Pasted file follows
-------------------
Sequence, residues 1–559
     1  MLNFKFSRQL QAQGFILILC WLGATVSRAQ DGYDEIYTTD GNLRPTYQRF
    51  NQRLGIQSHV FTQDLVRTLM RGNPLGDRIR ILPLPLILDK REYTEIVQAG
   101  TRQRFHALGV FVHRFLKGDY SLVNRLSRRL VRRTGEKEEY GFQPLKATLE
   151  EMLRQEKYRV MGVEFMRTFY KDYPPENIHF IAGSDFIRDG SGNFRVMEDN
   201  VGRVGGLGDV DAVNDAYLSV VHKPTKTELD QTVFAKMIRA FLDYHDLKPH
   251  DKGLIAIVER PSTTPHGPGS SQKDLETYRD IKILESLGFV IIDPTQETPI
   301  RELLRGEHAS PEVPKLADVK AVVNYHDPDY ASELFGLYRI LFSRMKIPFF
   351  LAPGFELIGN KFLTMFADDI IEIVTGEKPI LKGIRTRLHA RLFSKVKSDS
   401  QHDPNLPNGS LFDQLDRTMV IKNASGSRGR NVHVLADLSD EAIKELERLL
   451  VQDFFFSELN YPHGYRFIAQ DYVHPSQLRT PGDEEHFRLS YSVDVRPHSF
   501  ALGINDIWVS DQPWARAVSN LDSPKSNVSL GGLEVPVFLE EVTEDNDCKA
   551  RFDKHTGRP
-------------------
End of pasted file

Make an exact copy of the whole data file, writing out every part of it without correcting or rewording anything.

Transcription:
Sequence, residues 1–559
     1  MLNFKFSRQL QAQGFILILC WLGATVSRAQ DGYDEIYTTD GNLRPTYQRF
    51  NQRLGIQSHV FTQDLVRTLM RGNPLGDRIR ILPLPLILDK REYTEIVQAG
   101  TRQRFHALGV FVHRFLKGDY SLVNRLSRRL VRRTGEKEEY GFQPLKATLE
   151  EMLRQEKYRV MGVEFMRTFY KDYPPENIHF IAGSDFIRDG SGNFRVMEDN
   201  VGRVGGLGDV DAVNDAYLSV VHKPTKTELD QTVFAKMIRA FLDYHDLKPH
   251  DKGLIAIVER PSTTPHGPGS SQKDLETYRD IKILESLGFV IIDPTQETPI
   301  RELLRGEHAS PEVPKLADVK AVVNYHDPDY ASELFGLYRI LFSRMKIPFF
   351  LAPGFELIGN KFLTMFADDI IEIVTGEKPI LKGIRTRLHA RLFSKVKSDS
   401  QHDPNLPNGS LFDQLDRTMV IKNASGSRGR NVHVLADLSD EAIKELERLL
   451  VQDFFFSELN YPHGYRFIAQ DYVHPSQLRT PGDEEHFRLS YSVDVRPHSF
   501  ALGINDIWVS DQPWARAVSN LDSPKSNVSL GGLEVPVFLE EVTEDNDCKA
   551  RFDKHTGRP